This project will focus on self-assembly of mesoscopic structures using computer simulation. Theory and methodology development will involve a framework for fitting coarse-grained potentials to describe protein-protein interactions and analysis of global optimisation strategies. One particular avenue for exploration will be the use of continuous symmetry measures and further exploitation of the principle of maximum symmetry. An interpolated grid-based scheme may be evaluated for parsing the energies of possible arrangements before minimisation. More general building blocks will be considered for the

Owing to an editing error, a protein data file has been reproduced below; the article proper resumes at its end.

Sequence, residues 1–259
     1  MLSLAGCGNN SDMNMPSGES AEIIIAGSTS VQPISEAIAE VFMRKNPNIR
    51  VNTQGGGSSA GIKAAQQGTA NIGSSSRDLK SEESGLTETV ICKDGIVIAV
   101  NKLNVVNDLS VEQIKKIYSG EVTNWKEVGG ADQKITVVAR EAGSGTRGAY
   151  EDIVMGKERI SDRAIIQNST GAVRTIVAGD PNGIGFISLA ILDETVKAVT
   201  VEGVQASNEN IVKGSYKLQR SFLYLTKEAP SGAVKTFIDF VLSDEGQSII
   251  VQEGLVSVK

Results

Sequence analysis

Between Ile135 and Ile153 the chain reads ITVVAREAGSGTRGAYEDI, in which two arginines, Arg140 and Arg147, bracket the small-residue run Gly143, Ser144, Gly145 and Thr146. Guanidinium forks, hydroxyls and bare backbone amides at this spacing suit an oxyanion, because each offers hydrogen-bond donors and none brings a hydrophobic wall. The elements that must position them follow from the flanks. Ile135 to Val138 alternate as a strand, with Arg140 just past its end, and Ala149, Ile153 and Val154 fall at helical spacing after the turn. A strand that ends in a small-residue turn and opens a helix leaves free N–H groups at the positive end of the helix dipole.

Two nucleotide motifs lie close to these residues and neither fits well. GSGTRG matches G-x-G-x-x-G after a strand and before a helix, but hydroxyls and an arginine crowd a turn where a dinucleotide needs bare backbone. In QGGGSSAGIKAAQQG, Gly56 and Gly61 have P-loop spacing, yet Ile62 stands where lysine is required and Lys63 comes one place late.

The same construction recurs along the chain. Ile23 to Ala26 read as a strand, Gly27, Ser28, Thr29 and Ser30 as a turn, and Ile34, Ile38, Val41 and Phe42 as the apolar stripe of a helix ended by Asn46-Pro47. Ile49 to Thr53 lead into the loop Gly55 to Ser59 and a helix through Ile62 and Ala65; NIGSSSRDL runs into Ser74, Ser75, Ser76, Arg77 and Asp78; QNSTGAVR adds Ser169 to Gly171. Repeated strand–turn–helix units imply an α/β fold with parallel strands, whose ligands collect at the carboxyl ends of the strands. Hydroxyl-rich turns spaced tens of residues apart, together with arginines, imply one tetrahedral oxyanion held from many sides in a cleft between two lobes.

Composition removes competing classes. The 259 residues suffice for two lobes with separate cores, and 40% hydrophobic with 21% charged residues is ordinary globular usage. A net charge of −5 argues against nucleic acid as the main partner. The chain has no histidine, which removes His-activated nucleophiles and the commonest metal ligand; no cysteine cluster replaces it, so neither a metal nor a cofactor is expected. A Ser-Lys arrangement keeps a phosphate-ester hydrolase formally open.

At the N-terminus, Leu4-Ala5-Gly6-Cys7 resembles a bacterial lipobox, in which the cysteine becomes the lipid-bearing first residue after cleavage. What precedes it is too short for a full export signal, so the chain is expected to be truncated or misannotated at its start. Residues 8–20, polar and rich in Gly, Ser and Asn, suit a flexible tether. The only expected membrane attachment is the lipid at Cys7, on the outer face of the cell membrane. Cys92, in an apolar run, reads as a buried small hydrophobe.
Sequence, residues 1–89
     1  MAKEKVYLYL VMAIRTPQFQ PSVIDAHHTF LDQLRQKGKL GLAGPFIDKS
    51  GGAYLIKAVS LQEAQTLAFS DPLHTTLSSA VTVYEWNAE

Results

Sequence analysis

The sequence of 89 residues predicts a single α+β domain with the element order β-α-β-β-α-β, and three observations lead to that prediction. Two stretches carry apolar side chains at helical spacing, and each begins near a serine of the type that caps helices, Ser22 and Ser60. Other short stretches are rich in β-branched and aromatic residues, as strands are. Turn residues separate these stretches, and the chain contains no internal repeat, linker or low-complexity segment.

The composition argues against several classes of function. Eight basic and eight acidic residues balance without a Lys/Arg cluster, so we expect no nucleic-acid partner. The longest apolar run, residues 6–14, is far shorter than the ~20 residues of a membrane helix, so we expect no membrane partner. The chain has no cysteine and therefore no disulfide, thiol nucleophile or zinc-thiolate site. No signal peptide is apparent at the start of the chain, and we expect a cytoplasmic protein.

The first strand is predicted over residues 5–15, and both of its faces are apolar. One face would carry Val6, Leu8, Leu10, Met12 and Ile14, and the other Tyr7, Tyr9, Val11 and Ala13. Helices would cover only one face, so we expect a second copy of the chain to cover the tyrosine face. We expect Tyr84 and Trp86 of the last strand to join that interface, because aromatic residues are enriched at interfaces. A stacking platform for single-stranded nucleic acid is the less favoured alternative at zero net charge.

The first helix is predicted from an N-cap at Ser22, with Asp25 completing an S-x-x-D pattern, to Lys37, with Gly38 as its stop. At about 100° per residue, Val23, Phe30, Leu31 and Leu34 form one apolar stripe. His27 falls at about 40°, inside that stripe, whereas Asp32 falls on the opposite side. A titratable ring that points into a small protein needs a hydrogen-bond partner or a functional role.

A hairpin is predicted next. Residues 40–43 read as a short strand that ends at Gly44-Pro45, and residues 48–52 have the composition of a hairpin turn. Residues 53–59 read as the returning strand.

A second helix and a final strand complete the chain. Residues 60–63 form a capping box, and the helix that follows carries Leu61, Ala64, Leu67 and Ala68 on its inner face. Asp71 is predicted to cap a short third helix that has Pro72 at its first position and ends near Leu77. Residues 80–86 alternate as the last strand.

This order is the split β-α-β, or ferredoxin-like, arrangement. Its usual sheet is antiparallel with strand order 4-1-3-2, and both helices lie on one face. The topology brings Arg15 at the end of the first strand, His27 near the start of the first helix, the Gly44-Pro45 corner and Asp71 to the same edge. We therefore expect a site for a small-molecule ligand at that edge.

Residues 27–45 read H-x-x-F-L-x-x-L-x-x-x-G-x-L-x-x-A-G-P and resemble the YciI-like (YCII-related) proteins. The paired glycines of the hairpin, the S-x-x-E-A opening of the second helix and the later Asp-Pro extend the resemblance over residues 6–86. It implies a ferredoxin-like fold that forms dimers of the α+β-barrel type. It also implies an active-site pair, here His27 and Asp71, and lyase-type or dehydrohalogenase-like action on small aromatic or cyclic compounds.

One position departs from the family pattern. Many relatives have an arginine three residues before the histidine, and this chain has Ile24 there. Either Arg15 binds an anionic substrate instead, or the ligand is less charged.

design of targeted mesoscale structures. Here the building blocks are likely to be colloids or supramolecular systems. There are a couple of long-range targets: hierarchical self-assembly, and nanodevices. The hierarchical problem may be treated using analytical models and theory before attempting to translate this into an interparticle potential and exploring the energy landscape. An existing model for helix inversion will be adapted to couple the pathway to source of energy. The simplest way to do this is probably to design a chiral ligand that discriminates between the left- and right-handed helices. Once some insight is gained into the optimal conditions for driving this system the project will attempt to identify some alternative pathways for systems inspired by experimental nanomachines.